The bad Quartos are useful, however, because they demonstrate theatre practice - for example, the extent in which plays were cut and revised. This is of course part of the action in Hamlet. The Prince turns The Murder of Gonzago into The Mousetrap, a “play within a play”, by inserting 12-16 lines of his own composing.
WHAT DO YOU CALL THE PLAY? THE MOUSETRAP.… THIS PLAY IS THE IMAGE OF A MURDER DONE IN VIENNA.
The other eight Quartos we have of Shakespearean plays are “good” Quartos, which means that they were authorized by Shakespeare and the players: Titus Andronicus, Richard II, Richard III, Henry IV Parts One and Two, Much Ado About Nothing, A Midsummer Night’s Dream, and The Merchant of Venice.
The Chamberlain’s Men now left the Rose and built the Globe Theatre. It opened with Julius Caesar in 1599. Shakespeare followed this with Hamlet, and then Troilus and Cressida (which was performed neither then, nor for almost three centuries). Nevertheless, with Hamlet, Shakespeare had moved into another realm. Gabriel Harvey said in about 1601 …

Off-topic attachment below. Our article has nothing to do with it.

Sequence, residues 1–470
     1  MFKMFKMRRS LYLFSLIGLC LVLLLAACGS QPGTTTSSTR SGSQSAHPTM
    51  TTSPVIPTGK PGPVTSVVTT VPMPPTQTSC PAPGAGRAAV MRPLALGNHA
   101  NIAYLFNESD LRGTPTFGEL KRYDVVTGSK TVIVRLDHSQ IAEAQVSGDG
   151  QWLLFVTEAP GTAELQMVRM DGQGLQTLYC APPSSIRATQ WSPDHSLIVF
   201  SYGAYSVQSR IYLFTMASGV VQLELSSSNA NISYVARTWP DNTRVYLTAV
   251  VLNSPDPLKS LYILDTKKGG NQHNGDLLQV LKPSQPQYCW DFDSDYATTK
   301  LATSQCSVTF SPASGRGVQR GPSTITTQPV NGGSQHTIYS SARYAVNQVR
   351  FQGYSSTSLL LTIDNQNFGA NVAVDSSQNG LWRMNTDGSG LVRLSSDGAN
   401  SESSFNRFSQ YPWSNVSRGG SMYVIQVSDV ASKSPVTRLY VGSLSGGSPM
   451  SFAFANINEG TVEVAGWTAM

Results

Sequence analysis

THE YOUNGER SORT TAKES MUCH DELIGHT IN SHAKESPEARE VENUS, & ADONIS: BUT HIS LUCRECE, & HIS TRAGEDIE OF HAMLET, PRINCE OF DENMARKE, HAVE IT IN THEM, TO PLEASE THE WISER SORT.